- Ubiquinol could be dropped back to once a week. It seems to be useful as a "top up" but likely not worth a daily supplement unless you're on statins.

- Vinpocetine could be dropped, unless you think it makes you feel noticeably better.
- Turmeric can be switched to a cheap curcumin + piperine supplement. e.g. Doctor's Best

+ Methylene Blue, a low dose (1-10 mg diluted in water, drunk over the day) seems to be a very cheap, safe and medically promising supplement.
+ Sodium Oxybate, if you can get a prescription or join a trial, is a very promising preventative for dementia. Improving sleep depth is vital for mental health.


Michael
Sep 18 2017 03:01 AM
Michael's "Tiered" Supplement

But serum retinol and RBP don't seem to be reliable indicators of vitamin A status, and I have great night vision, no hyperkeratosis, and my immune system seems highly functional despite all the weirdness around CR immune function studies.


pamojja
Sep 17 2017 10:52 PM
Michael's "Tiered" Supplement

It's just that I trust a cheap retinol and RBP test in my serum more than research in any other. Had these (fat-diet and BMI) also covered, but needed ridiculous high amounts just to normalize my levels.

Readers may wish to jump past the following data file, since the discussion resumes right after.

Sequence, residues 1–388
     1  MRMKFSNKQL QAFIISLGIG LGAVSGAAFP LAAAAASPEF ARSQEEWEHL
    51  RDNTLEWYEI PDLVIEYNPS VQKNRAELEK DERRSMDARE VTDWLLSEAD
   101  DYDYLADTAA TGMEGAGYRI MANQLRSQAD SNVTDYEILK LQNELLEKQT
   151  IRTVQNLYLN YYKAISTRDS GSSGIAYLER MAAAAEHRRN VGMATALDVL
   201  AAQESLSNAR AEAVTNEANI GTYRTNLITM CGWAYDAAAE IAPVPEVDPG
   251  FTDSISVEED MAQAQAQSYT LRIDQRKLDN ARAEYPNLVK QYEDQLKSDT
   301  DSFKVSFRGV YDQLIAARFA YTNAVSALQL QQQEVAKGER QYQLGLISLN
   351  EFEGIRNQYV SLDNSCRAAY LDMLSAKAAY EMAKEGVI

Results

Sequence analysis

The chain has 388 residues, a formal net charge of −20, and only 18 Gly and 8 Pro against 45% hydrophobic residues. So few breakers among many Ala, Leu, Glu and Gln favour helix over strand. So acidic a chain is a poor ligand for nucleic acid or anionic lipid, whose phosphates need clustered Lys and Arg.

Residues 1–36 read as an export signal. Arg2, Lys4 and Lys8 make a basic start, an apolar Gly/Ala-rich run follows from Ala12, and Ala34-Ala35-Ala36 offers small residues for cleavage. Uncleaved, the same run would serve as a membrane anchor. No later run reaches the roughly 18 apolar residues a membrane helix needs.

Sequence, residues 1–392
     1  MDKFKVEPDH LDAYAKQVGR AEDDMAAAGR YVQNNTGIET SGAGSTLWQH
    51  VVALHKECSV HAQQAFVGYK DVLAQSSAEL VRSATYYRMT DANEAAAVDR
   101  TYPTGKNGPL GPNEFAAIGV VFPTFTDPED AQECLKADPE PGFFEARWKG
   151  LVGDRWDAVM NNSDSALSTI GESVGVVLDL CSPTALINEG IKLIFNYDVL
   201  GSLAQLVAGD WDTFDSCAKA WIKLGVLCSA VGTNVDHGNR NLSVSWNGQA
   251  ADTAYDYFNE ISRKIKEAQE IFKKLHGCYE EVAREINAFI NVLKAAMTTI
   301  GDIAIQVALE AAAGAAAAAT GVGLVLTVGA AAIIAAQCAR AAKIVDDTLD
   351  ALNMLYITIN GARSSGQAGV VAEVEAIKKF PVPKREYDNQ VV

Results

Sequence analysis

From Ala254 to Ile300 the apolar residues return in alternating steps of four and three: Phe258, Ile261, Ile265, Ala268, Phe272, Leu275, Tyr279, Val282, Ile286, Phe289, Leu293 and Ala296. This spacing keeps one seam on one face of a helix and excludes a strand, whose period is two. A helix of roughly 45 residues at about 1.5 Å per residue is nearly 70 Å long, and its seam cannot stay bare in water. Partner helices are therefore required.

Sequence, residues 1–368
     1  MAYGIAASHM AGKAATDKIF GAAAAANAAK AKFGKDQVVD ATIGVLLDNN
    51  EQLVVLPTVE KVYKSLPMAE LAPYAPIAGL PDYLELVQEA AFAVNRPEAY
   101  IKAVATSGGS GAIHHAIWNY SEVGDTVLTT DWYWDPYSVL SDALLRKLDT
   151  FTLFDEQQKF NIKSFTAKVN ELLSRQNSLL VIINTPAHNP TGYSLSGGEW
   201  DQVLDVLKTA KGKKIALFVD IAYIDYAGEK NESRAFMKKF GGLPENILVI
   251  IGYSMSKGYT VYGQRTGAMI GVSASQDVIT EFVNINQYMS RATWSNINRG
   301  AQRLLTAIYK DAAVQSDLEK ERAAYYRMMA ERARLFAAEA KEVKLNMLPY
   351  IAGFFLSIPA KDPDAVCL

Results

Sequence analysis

Michael
Sep 17 2017 10:04 PM
Michael's "Tiered" Supplement

Nope! I get ≈1/9 of the DRI RDA from retinol, and 5.68 times the DRI RDA for vitamin A as carotenoids from beta-carotene alone, plus lots of alpha-carotene: that more than coveres a genetic variation of up to -69% from the canonical SNP (and we don't know the percentage of slow-converters have been included in the studies used to set the DRI RDA: unless every single one of them had the reference SNP, -69% is a worst-case scenario). Plus, human and animal evidence shows that bioconversion is increased in the face of a high-fat diet (check), and is negatively correlated with BMI (covered).


pamojja
Sep 17 2017 09:55 PM
Michael's "Tiered" Supplement

Thanks. so this study: http://www.fasebj.or...23/4/1041.fulldoesn't concerns you?


Michael
Sep 15 2017 08:30 PM
Michael's "Tiered" Supplement

I've never seen any compelling case for RBP testing, granted my very large beta-carotene intake and small but nonzero retinol intake. My 25(OH)D3, as I mentioned, is now in the low end of the 30-40 ng/dL range.


pamojja
Sep 15 2017 07:42 PM
A Longevity Promoting Regimen Leveraging the CAP, established and double blind tested by Mother Nature...

20.000 IU D3 ongoing is quite a dose. What 25(OH)D3 levels to you get with that? Or aim at?

Do you take any retinol? Since vitamin A and D3 and K2 all seem to support each other, and prevent toxicity of each taken at high doses. Did you ever test your serum retinol and retinol binding protein?

 

Thanks.


pamojja
Sep 15 2017 07:34 PM
Michael's "Tiered" Supplement

Michael, as followup on a discussion elsewhere, did you ever test serum retinol and RBP? Also would be interested in you 25(OH)D3, if you would be willing to share.